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Goal 1: Develop and Disseminate Health and Safety Information That Is Accurate, Accessible, and Actionable

Why this goal is important:

In today's communication-rich environment, people look for information about their health and safety to understand diagnoses, decide on treatments, make prevention decisions, and evaluate risks to their health. And we know that much of the health and safety information available is too technical, complex, and unclear about recommended actions. Safety information refers to information about avoiding injury, danger, or risk. The gap between the readability of written health information and the literacy skills of individuals is well-documented. The ways in which health and safety information are communicated to the public have a significant impact on health literacy and health outcomes. Health professionals have a responsibility, whether it is on forms, prescription bottles, patient brochures, information, etc. to ensure that information is accurate, accessible and actionable. The strategies and resources below will help achieve this goal.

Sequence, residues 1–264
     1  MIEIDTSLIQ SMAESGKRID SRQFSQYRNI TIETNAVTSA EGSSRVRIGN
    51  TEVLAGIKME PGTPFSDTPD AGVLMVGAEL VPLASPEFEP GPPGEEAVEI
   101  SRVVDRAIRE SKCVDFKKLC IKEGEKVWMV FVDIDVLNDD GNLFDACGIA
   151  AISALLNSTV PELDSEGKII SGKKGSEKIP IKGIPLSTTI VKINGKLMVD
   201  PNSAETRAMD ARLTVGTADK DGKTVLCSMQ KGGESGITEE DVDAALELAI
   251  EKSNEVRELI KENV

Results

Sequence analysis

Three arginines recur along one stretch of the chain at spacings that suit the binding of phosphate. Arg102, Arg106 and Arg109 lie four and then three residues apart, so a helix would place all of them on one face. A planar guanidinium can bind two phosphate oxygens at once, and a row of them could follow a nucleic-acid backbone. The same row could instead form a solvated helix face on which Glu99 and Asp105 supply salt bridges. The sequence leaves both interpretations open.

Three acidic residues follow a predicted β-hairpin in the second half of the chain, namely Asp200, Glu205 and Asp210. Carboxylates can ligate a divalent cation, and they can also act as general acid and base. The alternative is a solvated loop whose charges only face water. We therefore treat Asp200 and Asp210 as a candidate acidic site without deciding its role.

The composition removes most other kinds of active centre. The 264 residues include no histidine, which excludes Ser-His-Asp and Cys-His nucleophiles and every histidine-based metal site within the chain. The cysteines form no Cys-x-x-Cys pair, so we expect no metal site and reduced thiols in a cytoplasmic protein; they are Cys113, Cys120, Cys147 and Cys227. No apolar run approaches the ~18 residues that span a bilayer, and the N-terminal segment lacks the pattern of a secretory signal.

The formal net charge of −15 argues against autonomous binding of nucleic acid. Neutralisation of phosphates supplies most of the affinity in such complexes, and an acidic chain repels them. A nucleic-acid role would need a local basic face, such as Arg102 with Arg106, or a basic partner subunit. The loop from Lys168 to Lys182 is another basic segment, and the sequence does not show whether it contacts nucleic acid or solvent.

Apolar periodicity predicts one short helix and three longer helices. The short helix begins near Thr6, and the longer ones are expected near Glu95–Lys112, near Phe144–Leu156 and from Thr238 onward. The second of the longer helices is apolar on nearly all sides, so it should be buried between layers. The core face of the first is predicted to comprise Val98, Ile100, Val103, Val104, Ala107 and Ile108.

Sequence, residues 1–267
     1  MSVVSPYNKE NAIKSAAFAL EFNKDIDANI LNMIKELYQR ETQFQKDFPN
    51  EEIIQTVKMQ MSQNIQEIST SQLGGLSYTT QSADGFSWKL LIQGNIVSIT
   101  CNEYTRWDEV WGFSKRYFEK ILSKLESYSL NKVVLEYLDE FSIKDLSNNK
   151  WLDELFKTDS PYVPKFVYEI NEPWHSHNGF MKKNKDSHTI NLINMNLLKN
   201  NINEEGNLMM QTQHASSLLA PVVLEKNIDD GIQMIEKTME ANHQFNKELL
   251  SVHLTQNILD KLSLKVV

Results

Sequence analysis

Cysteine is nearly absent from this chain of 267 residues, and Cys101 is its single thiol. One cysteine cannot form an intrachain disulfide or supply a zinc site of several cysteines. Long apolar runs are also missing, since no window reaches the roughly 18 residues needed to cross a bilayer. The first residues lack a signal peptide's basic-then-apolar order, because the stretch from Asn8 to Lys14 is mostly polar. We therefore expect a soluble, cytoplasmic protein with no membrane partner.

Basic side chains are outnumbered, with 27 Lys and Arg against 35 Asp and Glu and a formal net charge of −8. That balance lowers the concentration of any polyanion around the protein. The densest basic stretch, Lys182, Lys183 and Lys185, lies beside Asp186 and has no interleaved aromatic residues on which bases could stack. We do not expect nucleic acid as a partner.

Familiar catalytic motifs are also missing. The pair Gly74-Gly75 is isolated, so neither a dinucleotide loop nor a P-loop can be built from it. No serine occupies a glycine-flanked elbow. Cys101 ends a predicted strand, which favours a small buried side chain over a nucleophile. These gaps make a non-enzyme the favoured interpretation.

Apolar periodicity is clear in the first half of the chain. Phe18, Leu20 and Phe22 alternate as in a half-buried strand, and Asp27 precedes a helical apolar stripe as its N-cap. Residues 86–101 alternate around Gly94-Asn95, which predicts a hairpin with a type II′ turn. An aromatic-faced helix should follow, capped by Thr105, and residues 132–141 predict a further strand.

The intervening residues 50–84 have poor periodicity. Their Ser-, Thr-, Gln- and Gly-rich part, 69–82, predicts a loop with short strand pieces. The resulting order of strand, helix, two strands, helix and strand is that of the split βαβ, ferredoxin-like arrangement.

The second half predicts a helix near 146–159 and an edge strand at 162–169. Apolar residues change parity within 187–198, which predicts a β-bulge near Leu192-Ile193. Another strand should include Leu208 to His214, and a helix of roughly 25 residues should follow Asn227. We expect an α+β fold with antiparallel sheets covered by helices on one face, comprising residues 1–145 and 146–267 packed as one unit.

For more information, please review the complete text of Goal 1 [PDF, 666KB] in the National Action Plan to Improve Health Literacy. See: Section 3, Goal 1.

Strategies by Stakeholders:

Strategies for Organizations and Individuals That Develop and Disseminate Health and Safety Information

  • Participate in ongoing training in health literacy that focuses on improving clear communication and information design practices
  • Involve members of the target population—including persons with limited health literacy—in planning, developing, implementing, disseminating, and evaluating health and safety information
  • Ensure that health and safety information is culturally and linguistically appropriate and motivating
  • Issue plain language guidance for the development of all public health and safety information
  • Include specific steps for taking action and aligning information with services and supports available in the community
  • Build networks with community and faith-based organizations, social service agencies, and nontraditional partners—such as foster care services, poison control centers, and literacy service providers— to deliver health and safety information to different points in the community